56 newspapers across the world share one common editorial on Copenhagen
a common editorial. We do so because humanity faces a profound emergency.
have been becoming apparent for a generation. Now the facts have started to speak:
11 of the past 14 years have been the warmest on record, the Arctic ice-cap is
melting and last year’s inflamed oil and food prices provide a foretaste of future
havoc. In scientific journals the question is no longer whether humans are to
blame, but how little time we have got left to limit the damage. Yet so far the
world’s response has been feeble and half-hearted.
for all time and our prospects of taming it will be determined in the next 14
days. We call on the representatives of the 192 countries gathered in Copenhagen
not to hesitate, not to fall into dispute, not to blame each other but to seize
opportunity from the greatest modern failure of politics. This should not be a
fight between the rich world and the poor world, or between east and west. Climate
change affects everyone, and must be solved by everyone.
to limit temperature rises to 2C, an aim that will require global emissions to
peak and begin falling within the next 5-10 years. A bigger rise of 3-4C â€” the
smallest increase we can prudently expect to follow inaction â€” would parch continents,
turning farmland into desert. Half of all species could become extinct, untold
millions of people would be displaced, whole nations drowned by the sea. The controversy
over emails by British researchers that suggest they tried to suppress inconvenient
data has muddied the waters but failed to dent the mass of evidence on which these
predictions are based.
progress towards one could only begin with the arrival of President Obama in the
White House and the reversal of years of US obstructionism. Even now the world
finds itself at the mercy of American domestic politics, for the president cannot
fully commit to the action required until the US Congress has done so.
a fair and effective deal and, crucially, a firm timetable for turning it into
a treaty. Next June’s UN climate meeting in Bonn should be their deadline. As
one negotiator put it: “We can go into extra time but we can’t afford a replay.”
world covering how the burden of fighting climate change will be divided â€” and
how we will share a newly precious resource: the trillion or so tonnes of carbon
that we can emit before the mercury rises to dangerous levels.
until developing giants such as China take more radical steps than they have so
far. But the rich world is responsible for most of the accumulated carbon in the
atmosphere – three-quarters of all carbon dioxide emitted since 1850. It must
now take a lead, and every developed country must commit to deep cuts which will
reduce their emissions within a decade to very substantially less than their 1990
and also that the poorest regions of the world will be hardest hit. But they will
increasingly contribute to warming, and must thus pledge meaningful and quantifiable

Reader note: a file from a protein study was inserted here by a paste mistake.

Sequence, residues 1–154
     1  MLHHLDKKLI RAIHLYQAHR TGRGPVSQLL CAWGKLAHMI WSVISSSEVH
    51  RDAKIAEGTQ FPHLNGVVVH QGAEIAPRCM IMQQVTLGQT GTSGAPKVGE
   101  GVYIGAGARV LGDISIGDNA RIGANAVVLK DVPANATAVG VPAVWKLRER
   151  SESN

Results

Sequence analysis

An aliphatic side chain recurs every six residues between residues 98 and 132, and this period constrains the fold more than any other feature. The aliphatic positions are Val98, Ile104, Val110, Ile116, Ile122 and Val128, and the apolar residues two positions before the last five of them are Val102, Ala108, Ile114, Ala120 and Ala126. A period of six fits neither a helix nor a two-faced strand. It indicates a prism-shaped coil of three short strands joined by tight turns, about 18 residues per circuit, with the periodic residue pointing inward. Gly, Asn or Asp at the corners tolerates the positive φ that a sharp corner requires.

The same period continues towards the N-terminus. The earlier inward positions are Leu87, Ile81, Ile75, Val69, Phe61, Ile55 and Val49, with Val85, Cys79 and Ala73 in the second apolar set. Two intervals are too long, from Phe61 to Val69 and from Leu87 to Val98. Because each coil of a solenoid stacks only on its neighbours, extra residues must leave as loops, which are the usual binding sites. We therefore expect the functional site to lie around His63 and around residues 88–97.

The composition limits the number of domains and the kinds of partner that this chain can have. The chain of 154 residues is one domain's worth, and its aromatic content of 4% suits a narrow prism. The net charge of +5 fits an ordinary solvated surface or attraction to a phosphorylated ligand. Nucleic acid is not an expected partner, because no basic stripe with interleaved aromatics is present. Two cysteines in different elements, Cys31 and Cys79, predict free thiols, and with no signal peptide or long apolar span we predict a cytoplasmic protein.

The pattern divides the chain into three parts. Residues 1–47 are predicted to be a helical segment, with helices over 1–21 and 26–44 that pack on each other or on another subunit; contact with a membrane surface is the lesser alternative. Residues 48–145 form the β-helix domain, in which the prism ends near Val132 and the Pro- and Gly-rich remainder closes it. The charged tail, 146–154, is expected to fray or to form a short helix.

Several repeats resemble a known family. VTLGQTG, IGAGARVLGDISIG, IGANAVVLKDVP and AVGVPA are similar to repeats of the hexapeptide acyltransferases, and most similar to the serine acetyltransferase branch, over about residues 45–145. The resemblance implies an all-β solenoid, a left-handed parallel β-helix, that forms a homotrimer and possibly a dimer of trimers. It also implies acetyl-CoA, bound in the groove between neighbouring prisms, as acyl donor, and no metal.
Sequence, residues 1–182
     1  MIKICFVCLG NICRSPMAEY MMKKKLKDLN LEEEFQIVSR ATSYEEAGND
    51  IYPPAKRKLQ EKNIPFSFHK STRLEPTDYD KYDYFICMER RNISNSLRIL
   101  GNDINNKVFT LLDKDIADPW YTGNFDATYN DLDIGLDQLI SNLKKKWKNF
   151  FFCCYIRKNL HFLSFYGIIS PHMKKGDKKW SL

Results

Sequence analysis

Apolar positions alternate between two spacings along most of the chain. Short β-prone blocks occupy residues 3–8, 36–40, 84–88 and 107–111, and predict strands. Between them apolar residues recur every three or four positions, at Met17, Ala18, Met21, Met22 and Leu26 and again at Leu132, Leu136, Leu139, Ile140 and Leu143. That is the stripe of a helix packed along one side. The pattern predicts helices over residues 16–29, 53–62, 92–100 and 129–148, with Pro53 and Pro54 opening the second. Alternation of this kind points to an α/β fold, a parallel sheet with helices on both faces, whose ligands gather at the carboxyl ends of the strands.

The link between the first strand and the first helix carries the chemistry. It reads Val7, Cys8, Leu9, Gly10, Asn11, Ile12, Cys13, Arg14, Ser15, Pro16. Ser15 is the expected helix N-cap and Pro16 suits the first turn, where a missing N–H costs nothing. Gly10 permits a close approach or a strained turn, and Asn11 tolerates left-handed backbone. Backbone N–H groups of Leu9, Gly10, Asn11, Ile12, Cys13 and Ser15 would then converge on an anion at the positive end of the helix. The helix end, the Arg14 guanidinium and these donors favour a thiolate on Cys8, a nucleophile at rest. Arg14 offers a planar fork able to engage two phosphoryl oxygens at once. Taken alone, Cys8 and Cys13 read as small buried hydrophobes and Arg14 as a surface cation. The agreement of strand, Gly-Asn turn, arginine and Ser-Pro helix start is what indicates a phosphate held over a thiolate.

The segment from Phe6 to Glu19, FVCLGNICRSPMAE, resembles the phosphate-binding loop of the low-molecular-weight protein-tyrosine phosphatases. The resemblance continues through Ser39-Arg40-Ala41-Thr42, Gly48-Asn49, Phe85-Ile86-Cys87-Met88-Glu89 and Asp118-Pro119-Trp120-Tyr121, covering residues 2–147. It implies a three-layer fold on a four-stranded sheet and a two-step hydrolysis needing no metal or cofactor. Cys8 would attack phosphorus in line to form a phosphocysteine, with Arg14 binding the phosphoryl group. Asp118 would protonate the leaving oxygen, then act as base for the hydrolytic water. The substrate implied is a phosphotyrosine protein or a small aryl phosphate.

action of their own. Though both fell short of what some had hoped for, the recent
commitments to emissions targets by the world’s biggest polluters, the United
States and China, were important steps in the right direction.
and pledges cash to help poorer countries adapt to climate change, and clean technologies
to enable them to grow economically without growing their emissions. The architecture
of a future treaty must also be pinned down – with rigorous multilateral monitoring,
fair rewards for protecting forests, and the credible assessment of “exported
emissions” so that the burden can eventually be more equitably shared between
those who produce polluting products and those who consume them. And fairness
requires that the burden placed on individual developed countries should take
into account their ability to bear it; for instance newer EU members, often much
poorer than “old Europe”, must not suffer more than their richer partners.
out global finance â€” and far less costly than the consequences of doing nothing.
The era of flights that cost less than the taxi ride to the airport is drawing
to a close. We will have to shop, eat and travel more intelligently. We will have
to pay more for our energy, and use less of it.
than sacrifice. Already some countries have recognized that embracing the transformation
can bring growth, jobs and better quality lives. The flow of capital tells its
own story: last year for the first time more was invested in renewable forms of
energy than producing electricity from fossil fuels.
and innovation to match anything in our history. But whereas putting a man on
the moon or splitting the atom were born of conflict and competition, the coming
carbon race must be driven by a collaborative effort to achieve collective salvation.
vision over short-sightedness, of what Abraham Lincoln called “the better angels
of our nature”.
this editorial. If we, with such different national and political perspectives,
can agree on what must be done then surely our leaders can too.
generation: one that saw a challenge and rose to it, or one so stupid that we
saw calamity coming but did nothing to avert it. We implore them to make the right
20 languages including Chinese, Arabic and Russian. The text was drafted by a
Guardian team during more than a month of consultations with editors from more
than 20 of the papers involved. Like
on their front page.